Ephemeral Cities: 3 Radical City Concepts That Propose for Users to Shape Their Built-Form

Ephemeral Cities: 3 Radical City Concepts That Propose for Users to Shape Their Built-Form

The concept of a city can be viewed as a constantly evolving system where both architects and users contribute to its design and redesign. While its framework may start with planners or designers, the character of the urban fabric is ultimately shaped by the societies and generations that inhabit it. The question of “city authorship” often arises in the context of masterplan design. Can architects and urban planners determine the extent to which a city will evolve through its initial design? The answer is no. User authorship then acknowledges that city planning should not be approached like building design, where designers attempt to predict every aspect of shape, pattern, behavior, and culture. Instead, it recognizes the role that people play in shaping the urban fabric through their personal taste in architecture, the development of neighborhood personality, and ongoing redesign that contributes to the story and spirit of a place. These factors should be considered in the initial design by engaging ideas related to future expansion, adaptable infrastructure, and empowering citizens to contribute to the city’s architecture, thus making the city design democratic. This article explores conceptual radical cities where designers embrace the ideas of user authorship and the constant evolution of ephemeral architecture.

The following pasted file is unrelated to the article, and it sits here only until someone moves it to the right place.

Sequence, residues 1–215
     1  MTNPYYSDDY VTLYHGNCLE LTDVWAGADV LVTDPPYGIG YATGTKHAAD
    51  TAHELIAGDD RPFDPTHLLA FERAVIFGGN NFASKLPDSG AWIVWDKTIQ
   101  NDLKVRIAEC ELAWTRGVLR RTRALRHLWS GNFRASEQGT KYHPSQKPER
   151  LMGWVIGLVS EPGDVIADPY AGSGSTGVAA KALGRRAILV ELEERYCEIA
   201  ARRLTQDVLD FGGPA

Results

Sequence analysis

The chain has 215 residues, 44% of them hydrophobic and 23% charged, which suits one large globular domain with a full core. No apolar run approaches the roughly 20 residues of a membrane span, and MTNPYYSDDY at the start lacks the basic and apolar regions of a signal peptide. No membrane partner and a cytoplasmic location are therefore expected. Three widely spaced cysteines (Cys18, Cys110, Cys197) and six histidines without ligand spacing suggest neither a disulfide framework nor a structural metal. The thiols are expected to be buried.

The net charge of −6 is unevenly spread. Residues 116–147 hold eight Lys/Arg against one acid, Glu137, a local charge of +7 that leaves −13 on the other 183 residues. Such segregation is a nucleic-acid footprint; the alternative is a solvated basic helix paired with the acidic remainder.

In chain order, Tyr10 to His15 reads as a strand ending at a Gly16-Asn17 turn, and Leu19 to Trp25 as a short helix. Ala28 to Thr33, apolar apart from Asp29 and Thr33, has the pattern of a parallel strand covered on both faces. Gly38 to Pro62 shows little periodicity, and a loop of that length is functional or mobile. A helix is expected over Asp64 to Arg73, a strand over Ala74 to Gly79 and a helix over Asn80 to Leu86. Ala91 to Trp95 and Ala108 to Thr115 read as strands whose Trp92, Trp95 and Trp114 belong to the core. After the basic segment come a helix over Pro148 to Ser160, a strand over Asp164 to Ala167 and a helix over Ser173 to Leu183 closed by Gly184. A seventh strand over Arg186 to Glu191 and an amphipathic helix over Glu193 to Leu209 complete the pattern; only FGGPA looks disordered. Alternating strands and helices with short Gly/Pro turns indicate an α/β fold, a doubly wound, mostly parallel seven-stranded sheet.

Ephemeral Cities: 3 Radical City Concepts That Propose for Users to Shape Their Built-Form - Image 2 of 13Ephemeral Cities: 3 Radical City Concepts That Propose for Users to Shape Their Built-Form - Image 3 of 13Ephemeral Cities: 3 Radical City Concepts That Propose for Users to Shape Their Built-Form - Image 4 of 13Ephemeral Cities: 3 Radical City Concepts That Propose for Users to Shape Their Built-Form - Image 5 of 13Ephemeral Cities: 3 Radical City Concepts That Propose for Users to Shape Their Built-Form - More Images+ 8

The Plug-In City / Peter Cook, Archigram

Ephemeral Cities: 3 Radical City Concepts That Propose for Users to Shape Their Built-Form - Image 2 of 13Plug-in City. Image © Peter Cook via Archigram Archives